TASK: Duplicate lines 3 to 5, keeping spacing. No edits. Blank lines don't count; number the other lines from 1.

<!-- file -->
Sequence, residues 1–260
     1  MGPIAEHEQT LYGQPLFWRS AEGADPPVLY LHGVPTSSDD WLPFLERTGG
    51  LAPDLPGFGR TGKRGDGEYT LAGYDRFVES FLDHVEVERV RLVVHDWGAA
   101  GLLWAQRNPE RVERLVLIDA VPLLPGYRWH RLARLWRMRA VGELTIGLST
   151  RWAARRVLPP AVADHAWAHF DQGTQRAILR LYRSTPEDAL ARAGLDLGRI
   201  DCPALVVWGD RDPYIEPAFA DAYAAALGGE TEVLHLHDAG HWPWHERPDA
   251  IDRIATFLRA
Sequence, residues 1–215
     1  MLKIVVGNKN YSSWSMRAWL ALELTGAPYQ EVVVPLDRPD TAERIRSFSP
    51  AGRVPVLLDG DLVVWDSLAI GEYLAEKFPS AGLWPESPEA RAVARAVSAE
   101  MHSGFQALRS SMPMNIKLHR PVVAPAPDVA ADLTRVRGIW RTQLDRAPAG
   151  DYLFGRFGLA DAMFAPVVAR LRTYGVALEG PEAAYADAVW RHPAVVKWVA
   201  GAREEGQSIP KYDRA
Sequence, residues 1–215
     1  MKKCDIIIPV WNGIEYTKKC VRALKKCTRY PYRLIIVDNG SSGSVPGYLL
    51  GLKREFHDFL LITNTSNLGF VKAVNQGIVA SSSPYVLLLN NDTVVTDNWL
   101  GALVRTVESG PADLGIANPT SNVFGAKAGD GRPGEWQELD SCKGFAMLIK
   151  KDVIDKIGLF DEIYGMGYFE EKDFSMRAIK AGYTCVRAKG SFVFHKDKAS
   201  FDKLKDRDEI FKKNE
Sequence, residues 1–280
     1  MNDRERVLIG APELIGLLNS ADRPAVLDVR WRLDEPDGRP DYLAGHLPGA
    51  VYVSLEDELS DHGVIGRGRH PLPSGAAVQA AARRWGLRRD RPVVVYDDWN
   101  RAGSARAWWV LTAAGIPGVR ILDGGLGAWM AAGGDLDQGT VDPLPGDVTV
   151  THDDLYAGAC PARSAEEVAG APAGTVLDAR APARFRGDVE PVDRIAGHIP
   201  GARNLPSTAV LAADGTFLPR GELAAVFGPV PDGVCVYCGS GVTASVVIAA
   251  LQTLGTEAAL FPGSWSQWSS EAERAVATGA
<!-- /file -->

    51  LAPDLPGFGR TGKRGDGEYT LAGYDRFVES FLDHVEVERV RLVVHDWGAA
   101  GLLWAQRNPE RVERLVLIDA VPLLPGYRWH RLARLWRMRA VGELTIGLST
   151  RWAARRVLPP AVADHAWAHF DQGTQRAILR LYRSTPEDAL ARAGLDLGRI